Roger has his heart set on taking his children to Disney.
When he was young, his family went to Disney every couple of years, and he remembers really enjoying the vacations.
He is the budgeter in the family, and he’s scrimping and saving for the trip dollar by dollar. He’s frustrated, however, because his wife, Sheila, keeps spending money that could be saved for Disney.
Just last week she bought the kids new outfits that Roger feels they didn’t need. She spent $110, and Roger is angry because that money could have gone to the Disney fund.
While Roger and Sheila are generally happily married, this issue is causing strife in their marriage.
How To Handle Your Finances When You Lack Shared Goals
While some may look at Roger and Sheila’s current difficulties as a financial issue, or even worse, a deeply seated relationship issue, there may be a simpler explanation.
They simply don’t share the same financial goals.
With clear communication and compromise, they can resolve this issue.
If you find yourself in a similar situation, there are several steps you can take.
Decide If The Goal Is A Priority To Both People
Before you do anything, communicate clearly and see if a goal is a goal for both parties.
In the above example, Sheila just does not care about a trip to Disney. She thinks it’s ridiculous to pay thousands of dollars for a trip to Disney. If she’s going to go on a vacation, there are many, many other places she’d like to go rather than a packed, hot amusement park.
If The Goal Isn’t A Priority For Both People
If the goal isn’t a priority for both people, you can decide on a separate plan of action to resolve the conflict.
Save For The Goal Yourself
You could save for the goal yourself, without your spouse. This would definitely take longer, but it will likely reduce arguments.
In the end, this is what Roger decided to do since Disney is so important to him. Roger will continue to save all of the extra money he has to go toward the Disney trip, and Sheila will use her spend money in a way that she sees fit. Roger’s disappointed that it will take longer, but he understands Sheila’s point of view.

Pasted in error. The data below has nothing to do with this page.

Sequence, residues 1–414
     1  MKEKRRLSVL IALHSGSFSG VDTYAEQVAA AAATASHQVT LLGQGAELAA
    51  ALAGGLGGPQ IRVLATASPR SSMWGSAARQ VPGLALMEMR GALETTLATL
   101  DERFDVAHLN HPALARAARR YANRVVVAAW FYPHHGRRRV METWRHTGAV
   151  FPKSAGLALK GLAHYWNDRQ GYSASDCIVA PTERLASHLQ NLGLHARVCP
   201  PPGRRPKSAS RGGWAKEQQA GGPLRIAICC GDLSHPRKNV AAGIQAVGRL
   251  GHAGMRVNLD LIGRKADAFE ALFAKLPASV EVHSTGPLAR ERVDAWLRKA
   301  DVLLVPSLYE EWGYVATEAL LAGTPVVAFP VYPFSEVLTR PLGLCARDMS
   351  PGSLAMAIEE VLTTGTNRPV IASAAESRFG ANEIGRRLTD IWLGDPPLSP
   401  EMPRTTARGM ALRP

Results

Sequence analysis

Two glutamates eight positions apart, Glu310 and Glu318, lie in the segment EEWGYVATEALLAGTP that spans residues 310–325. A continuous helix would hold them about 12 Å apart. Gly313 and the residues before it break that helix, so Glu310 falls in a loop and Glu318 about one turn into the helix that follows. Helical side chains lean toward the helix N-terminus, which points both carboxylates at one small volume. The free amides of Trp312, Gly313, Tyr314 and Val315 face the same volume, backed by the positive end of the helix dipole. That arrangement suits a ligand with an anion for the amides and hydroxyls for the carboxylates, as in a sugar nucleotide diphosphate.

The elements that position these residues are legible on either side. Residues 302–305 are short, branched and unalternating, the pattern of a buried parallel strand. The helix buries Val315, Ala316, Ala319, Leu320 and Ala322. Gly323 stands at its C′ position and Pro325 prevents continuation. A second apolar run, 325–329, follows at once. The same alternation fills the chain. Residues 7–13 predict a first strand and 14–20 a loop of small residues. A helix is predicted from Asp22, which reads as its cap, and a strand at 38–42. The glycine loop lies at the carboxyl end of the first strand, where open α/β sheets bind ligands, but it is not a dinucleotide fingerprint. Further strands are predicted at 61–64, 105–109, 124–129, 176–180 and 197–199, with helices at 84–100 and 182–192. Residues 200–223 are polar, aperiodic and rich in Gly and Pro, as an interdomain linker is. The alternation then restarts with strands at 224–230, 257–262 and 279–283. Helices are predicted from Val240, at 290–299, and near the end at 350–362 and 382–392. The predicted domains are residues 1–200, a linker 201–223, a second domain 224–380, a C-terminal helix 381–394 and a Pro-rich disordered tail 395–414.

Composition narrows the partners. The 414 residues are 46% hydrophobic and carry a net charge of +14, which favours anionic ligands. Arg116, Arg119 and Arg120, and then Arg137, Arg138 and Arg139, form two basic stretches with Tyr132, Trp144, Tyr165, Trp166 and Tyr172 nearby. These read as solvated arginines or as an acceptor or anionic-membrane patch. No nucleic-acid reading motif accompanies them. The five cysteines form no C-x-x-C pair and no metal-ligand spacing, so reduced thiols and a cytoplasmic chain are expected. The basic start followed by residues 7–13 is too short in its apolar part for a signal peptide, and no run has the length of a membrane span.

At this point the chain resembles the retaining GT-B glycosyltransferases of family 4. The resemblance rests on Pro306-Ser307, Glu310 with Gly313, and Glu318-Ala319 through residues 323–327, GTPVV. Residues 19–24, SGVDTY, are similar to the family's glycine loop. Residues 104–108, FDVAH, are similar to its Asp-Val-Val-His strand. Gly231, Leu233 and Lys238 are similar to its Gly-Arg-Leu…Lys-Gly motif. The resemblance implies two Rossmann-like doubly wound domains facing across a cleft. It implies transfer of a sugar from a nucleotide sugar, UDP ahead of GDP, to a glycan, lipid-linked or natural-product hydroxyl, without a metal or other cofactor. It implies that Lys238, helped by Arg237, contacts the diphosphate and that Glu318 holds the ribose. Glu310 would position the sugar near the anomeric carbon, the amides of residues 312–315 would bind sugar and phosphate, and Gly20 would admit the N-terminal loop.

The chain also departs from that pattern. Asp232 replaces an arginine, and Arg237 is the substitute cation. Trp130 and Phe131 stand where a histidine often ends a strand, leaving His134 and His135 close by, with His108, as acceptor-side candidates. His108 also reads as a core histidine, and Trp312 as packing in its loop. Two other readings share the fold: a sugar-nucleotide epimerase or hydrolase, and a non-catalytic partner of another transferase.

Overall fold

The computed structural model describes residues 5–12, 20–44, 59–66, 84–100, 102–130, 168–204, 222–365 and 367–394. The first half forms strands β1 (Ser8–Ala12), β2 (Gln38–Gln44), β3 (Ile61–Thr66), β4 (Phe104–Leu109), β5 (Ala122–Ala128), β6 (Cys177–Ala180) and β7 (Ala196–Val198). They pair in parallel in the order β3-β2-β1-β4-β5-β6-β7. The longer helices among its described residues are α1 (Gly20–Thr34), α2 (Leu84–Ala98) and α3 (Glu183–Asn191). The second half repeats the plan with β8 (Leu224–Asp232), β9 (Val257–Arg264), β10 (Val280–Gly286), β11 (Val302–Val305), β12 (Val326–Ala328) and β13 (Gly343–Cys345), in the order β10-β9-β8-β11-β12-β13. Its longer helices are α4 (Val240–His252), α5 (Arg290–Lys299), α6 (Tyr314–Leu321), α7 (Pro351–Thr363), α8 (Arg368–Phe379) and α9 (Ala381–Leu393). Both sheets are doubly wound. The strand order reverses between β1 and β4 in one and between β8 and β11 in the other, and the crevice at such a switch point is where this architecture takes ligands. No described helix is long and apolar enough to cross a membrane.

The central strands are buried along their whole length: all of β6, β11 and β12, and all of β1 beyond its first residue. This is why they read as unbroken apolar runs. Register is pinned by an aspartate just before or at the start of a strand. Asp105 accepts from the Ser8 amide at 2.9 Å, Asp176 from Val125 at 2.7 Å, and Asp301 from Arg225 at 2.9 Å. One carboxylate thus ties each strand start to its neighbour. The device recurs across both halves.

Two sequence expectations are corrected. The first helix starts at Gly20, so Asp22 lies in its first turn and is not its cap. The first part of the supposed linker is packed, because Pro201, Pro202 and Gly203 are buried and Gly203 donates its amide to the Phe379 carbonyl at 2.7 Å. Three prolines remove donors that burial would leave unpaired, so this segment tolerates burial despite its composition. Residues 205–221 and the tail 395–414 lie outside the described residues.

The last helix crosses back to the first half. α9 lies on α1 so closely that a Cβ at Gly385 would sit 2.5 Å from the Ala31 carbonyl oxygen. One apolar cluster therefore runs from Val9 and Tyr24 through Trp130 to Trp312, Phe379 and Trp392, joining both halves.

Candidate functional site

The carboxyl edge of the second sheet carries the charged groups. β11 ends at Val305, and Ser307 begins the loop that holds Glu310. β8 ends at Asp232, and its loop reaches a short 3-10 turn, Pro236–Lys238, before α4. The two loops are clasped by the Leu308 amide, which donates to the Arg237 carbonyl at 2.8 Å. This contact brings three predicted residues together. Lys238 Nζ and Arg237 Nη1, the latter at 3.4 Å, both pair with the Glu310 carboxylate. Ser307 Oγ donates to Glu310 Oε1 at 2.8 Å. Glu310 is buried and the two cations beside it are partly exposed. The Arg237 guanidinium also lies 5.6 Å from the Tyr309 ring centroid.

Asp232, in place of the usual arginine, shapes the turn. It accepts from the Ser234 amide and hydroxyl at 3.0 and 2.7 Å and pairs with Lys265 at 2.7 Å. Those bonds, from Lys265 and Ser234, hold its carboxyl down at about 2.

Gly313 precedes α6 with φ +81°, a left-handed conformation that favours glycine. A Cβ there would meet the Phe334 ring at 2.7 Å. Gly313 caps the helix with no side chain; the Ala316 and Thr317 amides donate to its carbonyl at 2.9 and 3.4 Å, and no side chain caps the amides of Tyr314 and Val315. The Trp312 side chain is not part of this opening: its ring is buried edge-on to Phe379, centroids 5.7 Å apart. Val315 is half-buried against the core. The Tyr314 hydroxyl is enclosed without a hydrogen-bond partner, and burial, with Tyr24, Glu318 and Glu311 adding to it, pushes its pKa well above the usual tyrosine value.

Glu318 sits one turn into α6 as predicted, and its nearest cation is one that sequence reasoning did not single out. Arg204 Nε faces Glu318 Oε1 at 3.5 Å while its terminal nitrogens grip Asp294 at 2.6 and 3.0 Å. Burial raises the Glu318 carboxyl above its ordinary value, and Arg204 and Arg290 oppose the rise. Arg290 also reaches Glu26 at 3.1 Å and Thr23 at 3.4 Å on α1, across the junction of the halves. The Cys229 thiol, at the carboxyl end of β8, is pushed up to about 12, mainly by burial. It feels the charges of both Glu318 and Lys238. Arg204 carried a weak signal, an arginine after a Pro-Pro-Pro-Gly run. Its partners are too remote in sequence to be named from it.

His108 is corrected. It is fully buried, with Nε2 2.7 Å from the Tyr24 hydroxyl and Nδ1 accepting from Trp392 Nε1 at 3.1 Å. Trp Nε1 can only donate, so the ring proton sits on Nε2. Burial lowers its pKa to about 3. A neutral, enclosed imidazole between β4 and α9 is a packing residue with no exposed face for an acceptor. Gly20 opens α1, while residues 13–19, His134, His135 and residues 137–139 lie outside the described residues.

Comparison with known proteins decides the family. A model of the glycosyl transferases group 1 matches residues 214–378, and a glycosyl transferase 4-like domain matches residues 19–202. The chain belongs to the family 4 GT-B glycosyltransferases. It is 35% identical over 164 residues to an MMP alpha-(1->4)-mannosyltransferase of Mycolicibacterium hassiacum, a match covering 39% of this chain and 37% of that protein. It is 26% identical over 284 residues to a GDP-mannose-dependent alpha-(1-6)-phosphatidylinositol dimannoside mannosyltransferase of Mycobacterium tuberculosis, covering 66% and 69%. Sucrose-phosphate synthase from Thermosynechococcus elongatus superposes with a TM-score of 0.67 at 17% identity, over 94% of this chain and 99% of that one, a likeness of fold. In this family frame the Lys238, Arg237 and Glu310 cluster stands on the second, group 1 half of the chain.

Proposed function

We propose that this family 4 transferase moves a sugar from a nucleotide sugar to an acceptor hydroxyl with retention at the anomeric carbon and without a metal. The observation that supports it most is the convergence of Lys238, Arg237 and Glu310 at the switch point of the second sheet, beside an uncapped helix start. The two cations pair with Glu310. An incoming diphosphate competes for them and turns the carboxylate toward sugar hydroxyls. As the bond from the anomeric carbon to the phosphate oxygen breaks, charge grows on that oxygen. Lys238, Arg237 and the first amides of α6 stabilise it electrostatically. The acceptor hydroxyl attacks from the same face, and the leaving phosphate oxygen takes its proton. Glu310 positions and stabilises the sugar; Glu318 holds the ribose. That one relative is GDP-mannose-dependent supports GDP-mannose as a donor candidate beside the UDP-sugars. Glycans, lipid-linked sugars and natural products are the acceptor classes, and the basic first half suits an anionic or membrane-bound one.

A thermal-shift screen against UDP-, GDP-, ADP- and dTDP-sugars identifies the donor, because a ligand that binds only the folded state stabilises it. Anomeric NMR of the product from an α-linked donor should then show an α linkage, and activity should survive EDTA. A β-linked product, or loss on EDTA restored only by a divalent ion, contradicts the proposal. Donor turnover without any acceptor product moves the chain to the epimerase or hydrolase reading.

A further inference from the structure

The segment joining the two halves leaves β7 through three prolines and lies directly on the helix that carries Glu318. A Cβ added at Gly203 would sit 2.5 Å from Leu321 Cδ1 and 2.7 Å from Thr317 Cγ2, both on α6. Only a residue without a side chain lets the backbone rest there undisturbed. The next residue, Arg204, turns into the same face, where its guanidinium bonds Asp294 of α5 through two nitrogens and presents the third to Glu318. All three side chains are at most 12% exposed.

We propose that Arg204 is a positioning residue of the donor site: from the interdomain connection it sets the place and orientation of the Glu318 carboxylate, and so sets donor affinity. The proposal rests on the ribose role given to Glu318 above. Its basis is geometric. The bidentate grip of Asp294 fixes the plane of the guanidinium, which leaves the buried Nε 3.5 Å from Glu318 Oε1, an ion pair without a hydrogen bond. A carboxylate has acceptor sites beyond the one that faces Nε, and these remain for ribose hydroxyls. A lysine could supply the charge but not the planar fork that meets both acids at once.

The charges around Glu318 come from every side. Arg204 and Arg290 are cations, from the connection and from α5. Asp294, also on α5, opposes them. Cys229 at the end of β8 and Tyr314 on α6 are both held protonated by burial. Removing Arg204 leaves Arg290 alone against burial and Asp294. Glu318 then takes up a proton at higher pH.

Another idea is to alternate goals.
In this example, Sheila would get on board with saving and going to Disney. After the Disney vacation, Roger would agree that the family will go on the ski trip Sheila has wanted to take the kids on.
If you and your spouse can compromise and agree, you’ll reach your financial goals much faster than if you saved separately.
Allow Room For Independent Goals
Just because you’re sharing finances doesn’t mean you have to always share goals.
For instance, my husband loves to go to the mountains because he was raised in a mountainous area. I’m scared of heights, so I find going up and down mountains terrifying.
Still, I recognize that my husband works hard for our family and rarely spends money on himself. Therefore, we do occasionally make trips to the mountains that he enjoys. I’m just along for the ride.
While there are many other things I would like to do with our money, I recognize his individual interests.
Compromise and Communication Are Key
Compromising on goals and money can be difficult, but it doesn’t have to be, especially if you have open lines of communication.
Some couples get around this problem by jointly paying for bills and having separate accounts to do with what they wish individually. However, you don’t have to go that route. It is possible to have joint finances and negotiate large savings goals.
How do you and your spouse handle disagreements in savings goals?
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